Muse are one of those bands for whom the phrase “style over content” is a compliment rather than a criticism. Indeed, the only way to get away with making such preposterously overblown music is to ensure that it’s almost entirely devoid of meaning.
Take 2006’s Supermassive Black Hole, for instance – where patently daft lyrics like “glaciers melting in the dead of night” are purely verbalizations of the bombastic tone of the song as a whole. Ten years on from the release of their first album, we’re firmly conditioned to think of their music as little more than joyful, deranged, self-referential noise.
It’s a surprise, then, to discover that The Resistance appears to be – gasp! – a concept album. Muse have taken virtually every other rock cliché to its logical conclusion, so why not? Pulling in a few none-too-subtle references to Orwell’s 1984, the album pits the bad men who run the world against a pair of young lovers; with the message that only love can resist the crushing forces of those in power. Capitalists, bureaucrats, governments, and warmongers all come in for a hammering.
“They will not control us! We will be victorious!” goes the chorus of opening track Uprising. Unfortunately, though, the issues remain so vague and the tone so petulant that Matt Bellamy comes across less like a songwriter with something to say and more like a stroppy teenager who’s been told to tidy his bedroom one too many times and is taking it out on the entire machine of our patriarchal society.
Even though Muse have always taken themselves very seriously, the loopy abstraction of their previous work meant it didn’t really matter whether the listener took them seriously or not. Here, though, there is explicit meaning at the core of the album, which doesn’t allow one the luxury of an ironic distance. The problem with protest songs is that you need to be very good at writing them to pull them off convincingly, and while Muse have the musical force to sustain the angry tone convincingly, the words are often risibly jejune. As we learn from Uprising, it’s time to “rise up and take the power back / it’s time the fat cats had a heart attack / their time is coming to an end / we have to unify and watch our flag ascend.” Good lord.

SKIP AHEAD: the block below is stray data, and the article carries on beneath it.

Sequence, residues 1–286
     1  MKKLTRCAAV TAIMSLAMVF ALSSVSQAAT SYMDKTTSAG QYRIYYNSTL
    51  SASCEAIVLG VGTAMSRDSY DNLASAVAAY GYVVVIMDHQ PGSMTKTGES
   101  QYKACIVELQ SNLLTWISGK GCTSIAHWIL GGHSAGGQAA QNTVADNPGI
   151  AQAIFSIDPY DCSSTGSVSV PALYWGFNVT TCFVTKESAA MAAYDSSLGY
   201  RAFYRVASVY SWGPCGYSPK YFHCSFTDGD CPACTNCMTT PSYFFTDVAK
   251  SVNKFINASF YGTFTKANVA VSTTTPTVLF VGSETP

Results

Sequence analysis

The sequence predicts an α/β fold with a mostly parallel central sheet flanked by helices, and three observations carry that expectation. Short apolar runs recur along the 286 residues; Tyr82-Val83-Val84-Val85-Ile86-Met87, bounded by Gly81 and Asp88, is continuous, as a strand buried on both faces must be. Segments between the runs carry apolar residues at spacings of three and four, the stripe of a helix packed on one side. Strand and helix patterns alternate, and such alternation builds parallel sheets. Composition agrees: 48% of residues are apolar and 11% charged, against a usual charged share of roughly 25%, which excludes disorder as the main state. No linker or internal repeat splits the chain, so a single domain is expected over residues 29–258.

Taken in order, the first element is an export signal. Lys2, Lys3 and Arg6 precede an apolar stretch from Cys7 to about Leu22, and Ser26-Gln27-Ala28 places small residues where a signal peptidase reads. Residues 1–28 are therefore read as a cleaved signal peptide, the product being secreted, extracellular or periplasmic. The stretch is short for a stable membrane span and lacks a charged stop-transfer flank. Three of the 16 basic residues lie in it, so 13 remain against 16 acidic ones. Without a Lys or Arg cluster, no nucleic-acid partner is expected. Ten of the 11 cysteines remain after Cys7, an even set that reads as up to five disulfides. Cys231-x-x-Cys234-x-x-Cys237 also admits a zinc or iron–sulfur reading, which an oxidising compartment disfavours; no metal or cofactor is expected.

The sludgy conceptualism often affects the music, as on the final three-part Exogenesis Symphony; a long, dull track burdened with a pant-wettingly silly name which Emerson, Lake and Palmer would probably reject for being too ridiculous.
But there are several occasions when flashes of the old brilliance shine through, such as the electro-glam boogie stomp of Uprising and the sustained onslaught of Unnatural Selection. The latter is all that we’ve come to expect from Muse – everything cranked up to maximum volume, chuntering bass, pounding drums, searing guitar, Matt Bellamy’s voice snaking its way around the ever-rising melodies, legions of backing voices crying “hey!” on the drumbeats – and the obligatory huge chorus.
Resistance plays a similar game, helped enormously by approaching the patriarch/victim theme from the point of view of the young lovers. It’s buoyant, even fun at times – and the lyrics (“Love is our resistance / they won’t start breaking us down / hold me” etc.) pass by with only the merest curling of toes.
The electronic stylistic innovations of Black Holes & Revelations are carried forward into Undisclosed Desires, probably the best track here. The jerky robotic melody, bridging the gap between emo and electro, is likely to guarantee it a place on the soundtrack for the next Twilight sequel; and the slinky, effortless backing impressively echoes Brian Eno‘s best production work.
Yet three or four good tracks do not an album make; and elsewhere the spirit of the overwrought concept album rears its ugly head time after time. United States of Eurasia is not only the biggest, noisiest, most attention-grabbing track on the album; it’s also the worst. Like Queen‘s Bohemian Rhapsody shorn of all its charm, this tragically excessive folly takes in cocktail bar vaudeville, Moulin Rouge vocal histrionics, Brian May guitar soloing and a Chopin-style coda.
Unsurprisingly, it’s also the most political track on the album, marrying concerns over the development of a single free-market superstate with a catch-all anti-authoritarian chorus of “Must we do as we’re told?” A soupcon of anti-imperialism is slipped in via some Arabic-sounding noodling in the background, though this unfortunately evokes memories of Scooby Doo exploring a haunted pyramid rather than making any kind of geopolitical statement.
In its struggle to communicate its weighty themes The Resistance returns time and again to the polished, heavily-produced pomp of Queen, ELO, Supertramp, and 10cc – but, crucially, misses out on the humour, charm, and self-conscious silliness of those groups. If anything, the grim earnestness of mid-’80s U2 provides the most relevant benchmark; particularly on Guiding Light, a desperately serious power ballad replete with shimmery guitars and Bono-esque yowling situated far too prominently in the mix.
You’d be well advised to beg, borrow or download a handful of tracks from The Resistance; but if you’re planning to sit through the whole ponderous enterprise, you’ll likely need a blister pack of paracetamol and a hell of a lot of patience.